Element objects are much like reflection objects for the compiler and annotation processor. TypeElement is like Class, while ExecutableElement is similar to Constructor or Method. The RoundEnvironment (which represents this round of annotation processing) will have returned the Elements (in this case, methods) that are annotated by an @EventListener annotation.

The EventDispatcherGenerator

The EventDispatcherGenerator is a very simple code generator. You may prefer to use a template engine (such as FreeMarker or Velocity) to generate your source code, but the code for this example is written out with a PrintWriter. Each ExecutableElement representing an @EventListener annotated method gets passed to the EventDispatcherGenerator.generate, which will write out the source code for an EventDispatcher.
for(final Element m : methods) {
    // ensure that the element is a method
    if(m.getKind() == ElementKind.METHOD) {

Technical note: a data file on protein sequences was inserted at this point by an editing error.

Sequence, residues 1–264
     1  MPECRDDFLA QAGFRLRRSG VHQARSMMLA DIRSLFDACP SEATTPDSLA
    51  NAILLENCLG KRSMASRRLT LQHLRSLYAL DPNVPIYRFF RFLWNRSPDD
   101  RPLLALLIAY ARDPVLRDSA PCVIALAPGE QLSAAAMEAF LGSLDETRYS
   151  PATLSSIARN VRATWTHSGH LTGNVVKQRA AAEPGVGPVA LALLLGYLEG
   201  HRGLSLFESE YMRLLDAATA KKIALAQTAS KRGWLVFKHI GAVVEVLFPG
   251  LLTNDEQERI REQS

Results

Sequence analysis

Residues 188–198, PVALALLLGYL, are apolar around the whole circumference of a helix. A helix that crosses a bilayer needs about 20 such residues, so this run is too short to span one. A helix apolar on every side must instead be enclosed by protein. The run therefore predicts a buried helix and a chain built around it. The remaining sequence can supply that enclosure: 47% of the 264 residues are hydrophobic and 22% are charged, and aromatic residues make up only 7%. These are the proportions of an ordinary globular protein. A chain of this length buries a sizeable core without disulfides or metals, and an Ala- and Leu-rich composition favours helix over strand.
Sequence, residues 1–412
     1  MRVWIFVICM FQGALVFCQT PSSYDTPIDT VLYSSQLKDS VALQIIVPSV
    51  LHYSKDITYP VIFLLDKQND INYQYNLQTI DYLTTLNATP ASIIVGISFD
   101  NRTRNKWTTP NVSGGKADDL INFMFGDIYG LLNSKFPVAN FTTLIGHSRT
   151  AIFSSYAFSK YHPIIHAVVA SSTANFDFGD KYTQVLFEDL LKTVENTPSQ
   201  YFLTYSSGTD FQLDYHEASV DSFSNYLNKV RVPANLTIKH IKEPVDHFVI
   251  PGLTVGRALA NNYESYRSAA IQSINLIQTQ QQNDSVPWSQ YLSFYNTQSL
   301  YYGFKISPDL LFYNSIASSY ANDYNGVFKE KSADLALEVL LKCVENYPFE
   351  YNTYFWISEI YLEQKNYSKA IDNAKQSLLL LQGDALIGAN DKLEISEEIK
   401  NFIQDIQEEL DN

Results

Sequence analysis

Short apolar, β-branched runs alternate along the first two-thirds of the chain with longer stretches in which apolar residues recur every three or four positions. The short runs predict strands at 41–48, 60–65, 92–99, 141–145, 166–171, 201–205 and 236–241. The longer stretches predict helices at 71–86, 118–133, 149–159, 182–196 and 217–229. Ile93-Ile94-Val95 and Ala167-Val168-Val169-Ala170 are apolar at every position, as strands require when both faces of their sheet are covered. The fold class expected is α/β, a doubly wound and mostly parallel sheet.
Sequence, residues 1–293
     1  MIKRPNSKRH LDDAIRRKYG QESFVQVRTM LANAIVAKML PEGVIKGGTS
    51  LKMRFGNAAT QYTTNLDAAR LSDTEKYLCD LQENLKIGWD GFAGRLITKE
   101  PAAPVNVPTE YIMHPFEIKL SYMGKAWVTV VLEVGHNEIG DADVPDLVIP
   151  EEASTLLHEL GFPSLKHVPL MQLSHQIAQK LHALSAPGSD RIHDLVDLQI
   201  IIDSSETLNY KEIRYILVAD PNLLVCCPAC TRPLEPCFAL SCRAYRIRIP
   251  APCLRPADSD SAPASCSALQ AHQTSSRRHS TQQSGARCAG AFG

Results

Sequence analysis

final ExecutableElement method = (ExecutableElement)m;

The EventDispatcherGenerator will need to generate a Java source file for each of these methods. An annotation processor uses the Filer object given by the ProcessingEnvironment to create source files to which it can write code.

final JavaFileObject file = processingEnvironment.getFiler().createSourceFile(
        className, // ie: com.mydomain.example.OnMessageDispatcher
        method);     // ie: com.mydomain.example.Listener.onMessage(MessageEvent)

The given ExecutableElement for the Filer in this example represents the annotated method (the second argument in createSourceFile). This tells the environment that you're generating source code related to that method, which is not required but helpful nonetheless. The code then uses the JavaFileObject to open a Writer and start generating source code.

final Writer writer = file.openWriter();
final PrintWriter pw = new PrintWriter(writer);
pw.append("package ").append(packageName).println(';');

The values specified in the @EventListener annotation for the method are used to generate an if statement that will filter BusEventObjects before invoking the annotated method. The EventDispatcherGenerator writes an if statement into the source code that will decide whether or not to dispatch the event object to the @EventListener method.